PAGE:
Upon a suitable base, S, is mounted asta-ndard, P, which is made so as to be adjustable longitudinally in the base by means of the adj usting-screw E. Mounted in the standard P, but insulated therefrom, is a rod, B, upon one end of which is placed a coiled spring,.b, the other end being preferably bent at right angles and carrying an adj llSlillJg-SOIQW, D,which forms one of the contact-points, and which normally rests in contact with the point 0, fixed in the pillar, the contact being maintained by the spring b. Suitable binding-posts are attached to the pillar and to the rod B, as indicated.
This apparatus is shown connected for operation in the diagram, Fig. 3, of the drawings, in which L B is a local battery, H a differential sounder, and M the armature thereof. Normally the contact-points O D are in contactand included in one branch of the local circuit surrounding the differential magnet of the sounder, and the armature is unaffected by the magnet. When, however, the tuningfork A is operated by means of the impulses over the main line L, one of the tines, F, vibrates sufficiently to impinge upon the end of the rod B and to break the contact between the points 0 D, when the equilibrium of the differential magnet is disturbed, and the armatureM'is attracted and operates to produce the proper signal.
It will be understood that the vibrations of the tines of the tuning-fork are comparatively rapid, and while the tendencyofi the spring b is to close the contact between the points 0 D immediately after the impact of the tine or arm F against the rod B is broken the action of the spring is not sufficiently rapid to com-' pletely close the contacts and to establish .the V circuitof the local battery throu ghthose points, so as to disturb the balance of the magnetsufficiently to releasethe armature; or it may be that the core of the magnet is of such material and proportion as to have a eomparatively sluggish action, so that if perchance the contacts OD do actually impinge the momentary current that might flow through that branch of the local circuit is not sufficient to demagnetize the magnet of the sounder and disturbthe armature, and the result is that as long as the tuning-fork is vibrating at the proper rate of speed the armature is held down to make the signal, and as soon as the fork stops the contact-points are operated to complete the balance of the magnet and to release the armature. Such is the operation of the tuning fork and receiver when the proper number of impulses are being transmitted over the main line L to produce the fundamental tone of the tuning-fork A. As before stated, however, other rates of impulses have more or less effect upon the tuning-fork, as, for instance, one hundred and eighty vibrations, or half of the fundamental tone; or it has been found that even if the number ofvibrations is three hundred and fifty perhaps,or some other damental tone of the fork, the result of the influence of these varying rates of vibrations is to produce false signals. I It is understood, however, that the full effect or vibration of the arms of the tuning-fork will not be produced unless the normal or fundamental num- Fig. 2' I have illustrated, on an exaggerated der these varying influences. When the proper rate of vibrations or impulses is sent over the line corresponding to the fundamental tone of the fork, the tines will vibrate to the extent shown by the heavy dotted lines 00 x, and the result will be that one of the tines will impinge upon the rod B and break the contact between G and D of the receiving-instrument as the tines then vibrate to their full amplitude; but when impulses of other rates are rethe tines F F" will not be so great and will only have an amplitude indicated by the dotted lines y y, and by means of the adjustments in under these conditions. Another important feature results from this mode of adjusting the receiving-instrument. It is well known that induction, which may result from various causes, has an influence upon the receivinginstrument and produces vibrations to a greater or less extent in the receiving-fork; but as these vibrations are not those corresponding to the fundamental of the tuningfork the rod B can be adjusted over these vibrations, so that the contact-points will not be affected and the disturbing influences will not be liable to produce false signals.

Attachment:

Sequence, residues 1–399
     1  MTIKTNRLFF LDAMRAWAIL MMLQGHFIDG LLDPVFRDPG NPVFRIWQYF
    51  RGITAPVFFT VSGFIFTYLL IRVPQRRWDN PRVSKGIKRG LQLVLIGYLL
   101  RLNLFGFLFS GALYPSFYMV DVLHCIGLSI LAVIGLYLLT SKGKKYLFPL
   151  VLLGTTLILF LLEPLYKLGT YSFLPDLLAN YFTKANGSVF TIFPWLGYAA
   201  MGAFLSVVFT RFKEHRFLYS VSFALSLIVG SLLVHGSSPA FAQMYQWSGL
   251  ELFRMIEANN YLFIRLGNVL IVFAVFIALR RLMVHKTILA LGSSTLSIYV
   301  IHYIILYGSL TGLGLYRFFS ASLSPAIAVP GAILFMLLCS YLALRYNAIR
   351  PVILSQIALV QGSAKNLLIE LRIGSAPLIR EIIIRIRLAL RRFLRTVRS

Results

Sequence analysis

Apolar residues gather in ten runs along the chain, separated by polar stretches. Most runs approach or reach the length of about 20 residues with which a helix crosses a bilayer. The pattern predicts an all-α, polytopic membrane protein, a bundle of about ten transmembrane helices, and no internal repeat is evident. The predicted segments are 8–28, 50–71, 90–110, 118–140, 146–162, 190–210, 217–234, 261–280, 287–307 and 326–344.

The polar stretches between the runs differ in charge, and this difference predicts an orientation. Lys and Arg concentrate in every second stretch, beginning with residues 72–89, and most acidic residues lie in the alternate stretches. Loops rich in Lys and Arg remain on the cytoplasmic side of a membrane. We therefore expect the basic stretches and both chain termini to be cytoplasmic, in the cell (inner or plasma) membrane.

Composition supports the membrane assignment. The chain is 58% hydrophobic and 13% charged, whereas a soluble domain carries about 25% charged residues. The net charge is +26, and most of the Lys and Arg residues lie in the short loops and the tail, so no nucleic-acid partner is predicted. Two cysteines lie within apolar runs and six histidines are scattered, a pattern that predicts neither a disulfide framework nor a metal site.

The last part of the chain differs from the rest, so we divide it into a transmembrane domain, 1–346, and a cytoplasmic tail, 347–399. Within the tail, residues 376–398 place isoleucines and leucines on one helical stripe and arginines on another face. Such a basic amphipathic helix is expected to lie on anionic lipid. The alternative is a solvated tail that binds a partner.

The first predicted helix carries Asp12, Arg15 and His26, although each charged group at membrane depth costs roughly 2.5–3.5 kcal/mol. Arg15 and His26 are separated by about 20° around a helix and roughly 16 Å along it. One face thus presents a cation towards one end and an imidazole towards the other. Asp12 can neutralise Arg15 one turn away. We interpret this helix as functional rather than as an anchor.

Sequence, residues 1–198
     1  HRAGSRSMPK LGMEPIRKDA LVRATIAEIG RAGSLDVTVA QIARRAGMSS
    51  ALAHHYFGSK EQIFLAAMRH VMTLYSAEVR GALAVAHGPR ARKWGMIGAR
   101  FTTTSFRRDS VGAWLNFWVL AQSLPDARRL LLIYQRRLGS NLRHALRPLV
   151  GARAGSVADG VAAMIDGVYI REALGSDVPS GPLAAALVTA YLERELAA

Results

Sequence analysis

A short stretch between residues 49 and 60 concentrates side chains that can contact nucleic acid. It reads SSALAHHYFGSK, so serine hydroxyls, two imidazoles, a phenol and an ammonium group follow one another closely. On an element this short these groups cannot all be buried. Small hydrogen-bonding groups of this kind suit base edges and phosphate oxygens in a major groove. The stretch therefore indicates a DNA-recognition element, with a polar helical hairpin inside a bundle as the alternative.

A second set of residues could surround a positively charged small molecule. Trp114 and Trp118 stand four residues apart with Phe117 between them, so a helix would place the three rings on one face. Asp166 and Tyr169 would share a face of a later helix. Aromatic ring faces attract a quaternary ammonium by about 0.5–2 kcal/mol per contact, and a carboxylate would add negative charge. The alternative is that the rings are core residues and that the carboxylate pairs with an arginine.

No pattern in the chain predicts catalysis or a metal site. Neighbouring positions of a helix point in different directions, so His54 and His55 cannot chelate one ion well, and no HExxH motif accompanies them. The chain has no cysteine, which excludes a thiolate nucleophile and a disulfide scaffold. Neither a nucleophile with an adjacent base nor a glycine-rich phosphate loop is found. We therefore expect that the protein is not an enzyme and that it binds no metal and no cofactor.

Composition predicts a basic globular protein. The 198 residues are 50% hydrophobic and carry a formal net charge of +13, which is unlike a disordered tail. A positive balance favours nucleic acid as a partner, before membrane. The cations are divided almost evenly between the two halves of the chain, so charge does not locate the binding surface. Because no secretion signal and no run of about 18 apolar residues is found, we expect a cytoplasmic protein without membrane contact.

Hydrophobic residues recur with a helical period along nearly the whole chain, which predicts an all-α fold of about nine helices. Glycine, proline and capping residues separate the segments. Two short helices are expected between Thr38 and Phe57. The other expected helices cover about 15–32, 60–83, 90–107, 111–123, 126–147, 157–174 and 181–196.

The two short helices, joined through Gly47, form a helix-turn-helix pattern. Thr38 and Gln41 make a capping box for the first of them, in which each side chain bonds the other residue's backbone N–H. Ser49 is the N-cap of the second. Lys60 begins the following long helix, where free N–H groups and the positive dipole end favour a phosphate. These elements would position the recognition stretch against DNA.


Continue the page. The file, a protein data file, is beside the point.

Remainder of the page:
From the above the importance of my invention will be readily understood, as it will be seen that the instrument can be so delicately adjusted that the receiver will not respond to vibrations unless the proper rate is being transmitted and affects the fork so as. to produce the full amplitude of its vibrations,
gle line over which are sent varying series of number very nearly approximating the fun-' ber of impulses are transmitted to it, and in ceived which affect the fork the vibration of my receiving device the rod B is so arranged that the contact-points O D willnot be afiected I and it therefore results that a large number of receiving-instruments may be placed in a sin-:
scale, the position of the tines of the fork un- 9 5 throughout the whole time impulses and each receiver will only respond to its predetermined number of impulses and will not be affected by induction and other disturbing causes.
This receiver may be applied not only to a sounder, differential or otherwise, as shown in Fig. 3,'but is specially applicable to an automatic or autographic receiver, as illustrated in Fig. 4, in which the cylinder 0 or other device carrying, for instance, a chemicallyprepared paper, is connected in one branch of the local circuit with a point or style, as Q, resting thereon, and the contact-points CD are so arranged as to normally short-circuit the local battery LB. When, however, the fork is vibrated to its fullest extent, its arm or tine F impinges upon the rod B and breaks the local circuit at the contact-points O D, and the current from the local battery is caused to flow through the cylinder or plate 0 and its superposed paper or other receiving device, and the current passing through the same causes arecord to be produced in the welle known way. In place of using the chemically-prepared paper,as indicated in Fig. 4, it is evident that the armature M, as shown in Fig. 3, may be provided with a pin or pencil, p, which may be brought to bear upon a strip of paper or other material, g, which may be caused to travel in a well-known way underneath said pin whenever the contact at the points 0 D is broken and the balance of the differential magnet is disturbed.